Saturday, August 6, 2011
When it comes to creating spellbinding historical fiction, nobody does it quite like Gerald N. Lund. In The Undaunted, he transports readers first to the coal mines of Yorkshire, then across the ocean and the plains to the territory of Utah, where, even in 1879, there is pioneering to be done. A little- known and perhaps even less- appreciated chapter in the Church's history comes to life in this gripping story of a stalwart group of Saints called to create a settlement to serve as a buffer between the established communities of Utah and the lawless frontier of the Four Corners area. Their challenge will be enormous— but the biggest part of it just may be getting there in the first place. Skillfully interweaving historical figures and events with fictional characters, Gerald Lund takes us through the Hole in the Rock and over miles of uncharted country that even today is impassable without all- terrain vehicles. His account of the adventure, romance, and sacrifices of these undaunted pioneers will resonate with readers who love a good story as well as those who want to better understand the incomparable legacy and unconquerable faith of those valiant Saints.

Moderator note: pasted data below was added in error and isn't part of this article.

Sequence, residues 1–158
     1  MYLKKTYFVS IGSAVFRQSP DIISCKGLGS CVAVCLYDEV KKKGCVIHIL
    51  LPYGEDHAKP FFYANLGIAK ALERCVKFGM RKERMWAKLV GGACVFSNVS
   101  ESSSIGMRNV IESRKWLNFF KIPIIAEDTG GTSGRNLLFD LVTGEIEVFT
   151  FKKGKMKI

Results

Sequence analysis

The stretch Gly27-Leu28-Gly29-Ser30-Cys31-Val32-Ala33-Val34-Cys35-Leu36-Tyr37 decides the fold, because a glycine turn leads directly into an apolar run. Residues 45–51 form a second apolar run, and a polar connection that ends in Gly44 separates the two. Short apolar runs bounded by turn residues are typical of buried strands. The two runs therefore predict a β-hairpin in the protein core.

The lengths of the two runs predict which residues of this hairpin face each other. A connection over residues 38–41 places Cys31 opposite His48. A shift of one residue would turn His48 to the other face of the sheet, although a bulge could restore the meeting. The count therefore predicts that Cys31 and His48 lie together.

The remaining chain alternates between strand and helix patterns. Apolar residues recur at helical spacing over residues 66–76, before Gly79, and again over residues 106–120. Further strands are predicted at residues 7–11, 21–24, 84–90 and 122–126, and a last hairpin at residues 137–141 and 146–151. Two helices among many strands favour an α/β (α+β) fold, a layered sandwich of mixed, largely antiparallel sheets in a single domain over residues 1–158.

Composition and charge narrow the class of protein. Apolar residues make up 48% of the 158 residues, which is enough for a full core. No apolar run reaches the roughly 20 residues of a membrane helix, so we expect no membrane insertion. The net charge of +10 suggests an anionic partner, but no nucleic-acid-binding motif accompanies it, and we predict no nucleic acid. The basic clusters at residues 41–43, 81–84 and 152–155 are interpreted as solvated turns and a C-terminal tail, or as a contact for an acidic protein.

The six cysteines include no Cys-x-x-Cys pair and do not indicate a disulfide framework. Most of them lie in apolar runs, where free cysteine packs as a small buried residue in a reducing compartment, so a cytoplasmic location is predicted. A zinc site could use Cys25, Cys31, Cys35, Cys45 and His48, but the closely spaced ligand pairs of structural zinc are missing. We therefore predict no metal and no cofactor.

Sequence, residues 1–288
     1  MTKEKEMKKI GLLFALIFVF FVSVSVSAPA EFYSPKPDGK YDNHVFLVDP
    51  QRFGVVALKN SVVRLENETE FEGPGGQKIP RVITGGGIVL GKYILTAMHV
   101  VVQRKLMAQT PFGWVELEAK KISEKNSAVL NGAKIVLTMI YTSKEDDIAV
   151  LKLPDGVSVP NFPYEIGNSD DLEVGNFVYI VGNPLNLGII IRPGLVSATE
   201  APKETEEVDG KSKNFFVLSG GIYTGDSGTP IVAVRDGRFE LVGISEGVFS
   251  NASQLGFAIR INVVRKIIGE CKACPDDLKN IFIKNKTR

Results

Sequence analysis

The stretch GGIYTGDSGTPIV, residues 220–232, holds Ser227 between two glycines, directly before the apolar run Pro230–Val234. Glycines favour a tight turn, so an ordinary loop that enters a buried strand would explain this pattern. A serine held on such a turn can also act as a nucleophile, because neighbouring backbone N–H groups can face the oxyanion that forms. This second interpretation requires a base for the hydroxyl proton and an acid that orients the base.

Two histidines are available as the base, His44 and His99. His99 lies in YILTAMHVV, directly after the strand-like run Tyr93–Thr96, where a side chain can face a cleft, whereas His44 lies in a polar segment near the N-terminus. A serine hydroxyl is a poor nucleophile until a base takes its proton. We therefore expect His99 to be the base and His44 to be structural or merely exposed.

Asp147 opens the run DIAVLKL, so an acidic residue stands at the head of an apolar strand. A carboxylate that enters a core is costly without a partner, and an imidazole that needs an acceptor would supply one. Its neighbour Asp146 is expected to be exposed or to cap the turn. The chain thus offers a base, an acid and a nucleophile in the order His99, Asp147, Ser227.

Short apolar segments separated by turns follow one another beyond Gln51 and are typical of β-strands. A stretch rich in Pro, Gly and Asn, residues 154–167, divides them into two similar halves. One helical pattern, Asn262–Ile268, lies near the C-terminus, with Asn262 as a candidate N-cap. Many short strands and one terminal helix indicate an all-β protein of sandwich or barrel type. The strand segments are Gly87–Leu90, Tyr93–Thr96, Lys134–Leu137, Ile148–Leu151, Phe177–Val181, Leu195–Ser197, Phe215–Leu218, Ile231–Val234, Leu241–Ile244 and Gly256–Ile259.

I haven't read a Gerald Lund book in such a long time and I really enjoyed coming back to this genre. The Undaunted is a fantastic read. Gerald Lund is so good at making me feel like I was right there along with the pioneers experiencing history. I think this is an overlooked story that most people have never payed much attention to, but it is certainly well-worth knowing. My favorite part of this book was all the footnotes at the end of each chapter, showing actual journal entries and other documents that lent an even stronger air of authenticity and history to this book. This really happened and I feel like I was able to develop faith, right along with those pioneers. I've always loved southern Utah; the country is gorgeous and almost alien at times. I can hardly believe that these faithful saints were able to make a wagon trail across it.
The fictional story was great and along with the story of those hole-in-the-rock pioneers, we get a tale about coal mining in England, immigration to Utah, the colonization of different areas of Utah, and even some of the tensions between pioneers and Native Americans. It was all completely engrossing and fascinating. One of my favorite scenes was when a few characters climb Angel's Landing in Zion's National Park (before it was Zion's National Park). That is a terrifying hike, but an exhilarating one and reading this brought back memories from when I did it a few years ago. Anyway, there's a lot going for this read. I'm so glad I read it and I think soon I'm going to have to revisit the whole Work and the Glory series.